By Lelethu Zono and Ntombentsha Yamiso
According to Section 10 of the South African Constitution, everyone has the right to have their dignity respected and protected. However, this is not the case for over 1,300 families in the Makana Municipality region.
Also, those who live in informal areas cannot fully exercise their constitutional rights because they continue to experience the strains of using pit toilets. Makhanda Action for Accountability (A4A) Media Fellows visited several affected areas in the township to get a closer look at this sanitation issue.
N Street, situated in Tantyi Location, residents use bucket toilets and express that it is an unpleasant experience. Although the houses near the end of the street were built in the 1990s, the Municipality has failed to prioritise them with proper flushing toilets.
According to research by the Department of Statistics South Africa in 2020, Makana Municipality is ranked 7 for having the highest bucket toilets in the country.
Ntomboxolo Yamiso, N Street resident, and her parents have lived there for 23 years. She says that the Municipality promised to build toilets, but nothing has materialised.
Yamiso says that she would like the Municipality to prioritise building toilets because the inconsistent collection of buckets is a significant problem.
“This problem affects us badly; we have the elderly and children in the area, and it gets worse with flies and other insects when it is hot. Even if the Municipality does not build us RDP houses, here we really need flushing toilets,” says Yamiso.
Unemployed resident Michael Madinda has been struggling to cope with the bucket system service as bucket collection has been inconsistent.
Madinda says that residents can go months without having their toilet buckets collected, forcing them to find ways to dispose of human waste.
“We go for even three months without bucket collection and get no communication about it. What am I supposed to do with a bucket full of human waste? So, when it is full, we throw it in the (Matyana) stream at the back of the yard,” said Madinda.
The Matyana stream runs into Makhanda from the northeast, passing through the township communities to the suburban areas. There have been instances where E.coli and other bacteria have been found in it, which makes it a serious issue that affects the environment, health and overall well-being of the local population. The poor sewage and water supply infrastructure presents an excellent water contamination risk.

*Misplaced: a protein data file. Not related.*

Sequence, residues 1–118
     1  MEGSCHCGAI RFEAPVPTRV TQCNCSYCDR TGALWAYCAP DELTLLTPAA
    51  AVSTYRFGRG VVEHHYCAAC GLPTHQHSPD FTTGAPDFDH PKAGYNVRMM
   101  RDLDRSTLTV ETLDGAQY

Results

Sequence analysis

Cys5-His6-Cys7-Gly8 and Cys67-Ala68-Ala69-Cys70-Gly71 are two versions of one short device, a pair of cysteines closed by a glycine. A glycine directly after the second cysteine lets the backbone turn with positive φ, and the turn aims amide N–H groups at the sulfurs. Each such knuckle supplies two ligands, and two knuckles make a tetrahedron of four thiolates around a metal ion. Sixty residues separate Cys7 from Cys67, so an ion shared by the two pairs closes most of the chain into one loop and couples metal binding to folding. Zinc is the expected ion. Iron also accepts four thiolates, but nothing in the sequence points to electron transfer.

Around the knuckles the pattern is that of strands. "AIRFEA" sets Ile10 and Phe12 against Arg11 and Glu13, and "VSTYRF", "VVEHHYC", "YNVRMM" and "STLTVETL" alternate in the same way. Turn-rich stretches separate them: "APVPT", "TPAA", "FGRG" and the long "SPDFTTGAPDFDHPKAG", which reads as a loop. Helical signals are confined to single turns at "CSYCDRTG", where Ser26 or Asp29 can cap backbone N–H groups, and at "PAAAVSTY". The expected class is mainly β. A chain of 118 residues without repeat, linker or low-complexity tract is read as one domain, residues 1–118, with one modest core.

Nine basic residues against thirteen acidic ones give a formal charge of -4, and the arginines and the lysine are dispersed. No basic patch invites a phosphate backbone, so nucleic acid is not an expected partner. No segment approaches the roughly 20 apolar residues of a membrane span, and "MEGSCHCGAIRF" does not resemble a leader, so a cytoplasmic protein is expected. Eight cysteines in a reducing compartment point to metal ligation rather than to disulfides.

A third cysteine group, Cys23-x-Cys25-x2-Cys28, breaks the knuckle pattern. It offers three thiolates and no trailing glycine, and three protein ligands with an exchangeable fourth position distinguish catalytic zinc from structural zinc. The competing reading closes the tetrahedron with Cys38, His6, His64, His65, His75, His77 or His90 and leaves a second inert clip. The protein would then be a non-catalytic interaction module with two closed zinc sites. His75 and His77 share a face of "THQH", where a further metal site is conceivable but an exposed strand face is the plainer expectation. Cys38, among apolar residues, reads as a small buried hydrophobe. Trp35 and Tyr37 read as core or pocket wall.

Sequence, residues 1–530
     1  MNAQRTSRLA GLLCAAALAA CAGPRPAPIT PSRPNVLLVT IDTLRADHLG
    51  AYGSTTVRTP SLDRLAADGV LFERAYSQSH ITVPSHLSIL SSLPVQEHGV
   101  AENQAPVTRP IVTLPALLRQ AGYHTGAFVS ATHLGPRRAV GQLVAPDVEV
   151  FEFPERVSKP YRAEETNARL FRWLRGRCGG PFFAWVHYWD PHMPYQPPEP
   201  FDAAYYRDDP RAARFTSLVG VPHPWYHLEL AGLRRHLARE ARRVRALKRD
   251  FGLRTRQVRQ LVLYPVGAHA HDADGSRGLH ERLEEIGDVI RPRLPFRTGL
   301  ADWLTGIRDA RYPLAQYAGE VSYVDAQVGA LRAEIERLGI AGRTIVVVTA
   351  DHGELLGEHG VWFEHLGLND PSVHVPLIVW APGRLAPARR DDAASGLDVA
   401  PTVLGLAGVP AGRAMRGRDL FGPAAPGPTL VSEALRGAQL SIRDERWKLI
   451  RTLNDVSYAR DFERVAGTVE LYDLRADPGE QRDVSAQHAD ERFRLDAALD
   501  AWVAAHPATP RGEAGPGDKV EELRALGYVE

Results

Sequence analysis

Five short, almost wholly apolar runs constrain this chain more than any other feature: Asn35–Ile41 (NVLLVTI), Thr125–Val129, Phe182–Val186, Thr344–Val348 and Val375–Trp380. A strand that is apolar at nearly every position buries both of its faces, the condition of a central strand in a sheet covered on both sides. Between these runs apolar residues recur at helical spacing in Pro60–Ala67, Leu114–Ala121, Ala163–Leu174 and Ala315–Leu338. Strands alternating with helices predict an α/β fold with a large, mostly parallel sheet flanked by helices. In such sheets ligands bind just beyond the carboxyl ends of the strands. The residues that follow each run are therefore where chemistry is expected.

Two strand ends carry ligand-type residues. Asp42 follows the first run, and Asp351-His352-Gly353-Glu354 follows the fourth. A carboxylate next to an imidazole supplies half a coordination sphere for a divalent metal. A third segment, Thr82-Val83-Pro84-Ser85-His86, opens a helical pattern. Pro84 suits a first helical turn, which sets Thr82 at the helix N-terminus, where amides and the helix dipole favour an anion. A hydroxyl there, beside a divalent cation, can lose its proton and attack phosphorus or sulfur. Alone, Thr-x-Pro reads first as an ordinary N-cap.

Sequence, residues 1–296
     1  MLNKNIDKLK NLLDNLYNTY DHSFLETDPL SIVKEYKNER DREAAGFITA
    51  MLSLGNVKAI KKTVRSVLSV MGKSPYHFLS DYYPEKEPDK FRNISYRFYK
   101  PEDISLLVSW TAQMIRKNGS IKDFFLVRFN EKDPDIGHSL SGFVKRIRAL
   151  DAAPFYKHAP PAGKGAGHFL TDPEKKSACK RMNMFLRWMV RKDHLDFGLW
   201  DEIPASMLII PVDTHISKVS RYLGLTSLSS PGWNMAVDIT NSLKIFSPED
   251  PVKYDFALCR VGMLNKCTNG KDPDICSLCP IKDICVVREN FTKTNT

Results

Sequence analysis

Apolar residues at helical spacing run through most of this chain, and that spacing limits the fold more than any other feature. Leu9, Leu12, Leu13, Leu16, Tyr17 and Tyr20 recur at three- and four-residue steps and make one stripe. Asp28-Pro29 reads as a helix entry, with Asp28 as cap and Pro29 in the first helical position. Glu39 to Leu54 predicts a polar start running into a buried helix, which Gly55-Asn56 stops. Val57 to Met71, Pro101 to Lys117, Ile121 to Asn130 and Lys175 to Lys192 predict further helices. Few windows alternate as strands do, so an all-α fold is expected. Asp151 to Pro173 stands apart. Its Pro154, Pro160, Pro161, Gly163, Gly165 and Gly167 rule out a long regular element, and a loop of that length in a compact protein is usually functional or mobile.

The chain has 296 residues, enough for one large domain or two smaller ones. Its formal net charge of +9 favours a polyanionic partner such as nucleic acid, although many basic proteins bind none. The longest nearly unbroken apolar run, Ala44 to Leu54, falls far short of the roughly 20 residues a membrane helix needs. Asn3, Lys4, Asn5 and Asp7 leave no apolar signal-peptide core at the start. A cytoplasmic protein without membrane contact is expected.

Makana Municipality’s Environmental Manager, Ndumiso Nongwe, says the Matyana stream is highly polluted.
“Even livestock and pets drink from the stream, and that could cause diseases in animals and eventually affect people. Sometimes, you see children playing and even swimming in the stream. Even though people do not drink from the stream, it is not supposed to be this polluted,” says Nongwe.
In the current financial year’s final Integrated Development Plan (IDP), the Makana municipality has prioritised the eradication of bucket toilets in Wards 1, 2, 7, 9, 10 and 11, but developments are yet to take off.
The lack of action by the Makana Municipality in implementing proper sanitation contravenes Section 24 of the Bill of Rights, which states that Everyone has the right to:
(i) an environment that is not harmful to their health or well-being, and
(ii) Protect the environment for the benefit of present and future generations through reasonable legislative and other measures that prevent pollution and ecological degradation, promote conservation, secure ecologically sustainable development and use of natural resources while promoting justifiable economic and social development.
The Makana Municipality’s Communication Office had been contacted for comment but have not responded to CivActs at the time of publishing.
Lelethu Zono and Ntombentsha Yamiso are CivActs members and Media Fellows in the Makhanda Action for Accountability (A4A) project at the Public Service Accountability Monitor (PSAM).